â€œCan you meet me in Paris on Thursday Oct. 26th (2006)?â€Â At least thatâ€™s the way I remember the call from Julie.Â She was assimilating into a new job and it was time to visit the European operations; London, Amsterdam, Paris.Â Clearly, a rendezvous was in order.
When I think of Paris, many of the images in my head are those taken by Henri Cartier-Bresson now imprinted as archetypes.Â And donâ€™t forget those long rainy afternoons in Baba & Uncle Johnnyâ€™s converted coal bin where decades of Life magazines were stacked on chronological order.Â The multiple fruit flavors of Holly â€œpopâ€ were on the opposite side, so I could hold out for hours (admittedly sneaking an occasional, and absolutely essential, pee break down the basement floor drain).
Where would we stay? How were the flight connections?Â Was Paris really a black & white city?Â No problem, I always felt more at home in Kansas than in Oz.Â Camera and film were no dilemma.Â Two cameras:Â The Rollei twin lens thatâ€™s older than I am and the M4 Leica thatâ€™s a year older than my son, Matt (he was 33 at the time).Â And plenty of 100 and 400 film (mixed bag of Ilford Delta 100, 400 and Kodak T-Max 100, 400).Â 35 50 and 90 Summicrons for the Leica, tripod and not many accessories.Â Carry-on baggage only.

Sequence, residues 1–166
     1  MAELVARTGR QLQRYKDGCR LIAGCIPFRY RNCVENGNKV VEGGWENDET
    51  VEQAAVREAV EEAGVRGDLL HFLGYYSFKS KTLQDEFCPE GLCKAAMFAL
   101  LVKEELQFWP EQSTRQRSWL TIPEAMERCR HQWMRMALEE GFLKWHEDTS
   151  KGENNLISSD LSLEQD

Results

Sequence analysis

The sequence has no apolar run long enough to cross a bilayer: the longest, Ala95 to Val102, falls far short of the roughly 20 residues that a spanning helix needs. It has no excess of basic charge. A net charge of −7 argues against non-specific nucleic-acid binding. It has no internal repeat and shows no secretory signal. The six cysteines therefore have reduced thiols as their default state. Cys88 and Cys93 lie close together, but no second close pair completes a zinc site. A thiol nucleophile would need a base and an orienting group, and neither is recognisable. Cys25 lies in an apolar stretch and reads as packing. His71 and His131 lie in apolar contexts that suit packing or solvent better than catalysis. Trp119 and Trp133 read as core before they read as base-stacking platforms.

With a few weeks to wait, I took the Leica out to Mountain View, Calif., where we have an apartment convenient to Julieâ€™s work and my Silicon Valley communicationÂ clients.Â
Castro Street is the main downtown artery in Mountain View with a train station at one end that goes to San Francisco, and three dozen or so restaurants of all kinds, though Asian variations predominate, City Hall, the Mountain View Center for the Performing Arts, a handful of coffee houses that provide alternatives to the roasts from the MBAs at Starbuck and Peets and a pace that isnâ€™t frantic.Â Castro Street offers myriadÂ subjects for an observer with a Leica.
The Mountain View images were decent.Â I hadnâ€™t worked with the Leica very often.Â Medium and 4×5 formats have been my concentration since the mid 80s when I stopped taking pictures as part of my corporate job with GM.Â I missed a few things and I now had to contend with reading glasses to read a meter and set an f/stop, but the results were encouraging enough that I thought I could get something worthwhile in Paris.Â You decide and tell me about it if youâ€™re inclined.
A mentor once told me not to drink alcohol on an international flight and to eat the next meal the locals are having after landing.Â I arrived in Paris â€“ that is the Paris Charles de Gaulle airport â€“ in early morning.Â It was late morning when I arrived in the real Paris, a hotel on the left bank two blocks from Pont Neuf, a bit further to La Louvre.Â
I checked in and soon headed for a walk and lunch with the Leica.Â Julie wouldnâ€™t be arriving until early evening.Â Some of the intimate cafÃ© scenes were done from my seat along the sidewalk on the street that borders the Seine near the Institute Francais. (LOOK UP) .Â The distinctly unfriendly parking officer didnâ€™t like my photographing her at her work.Â Not many of the others seemed to take notice.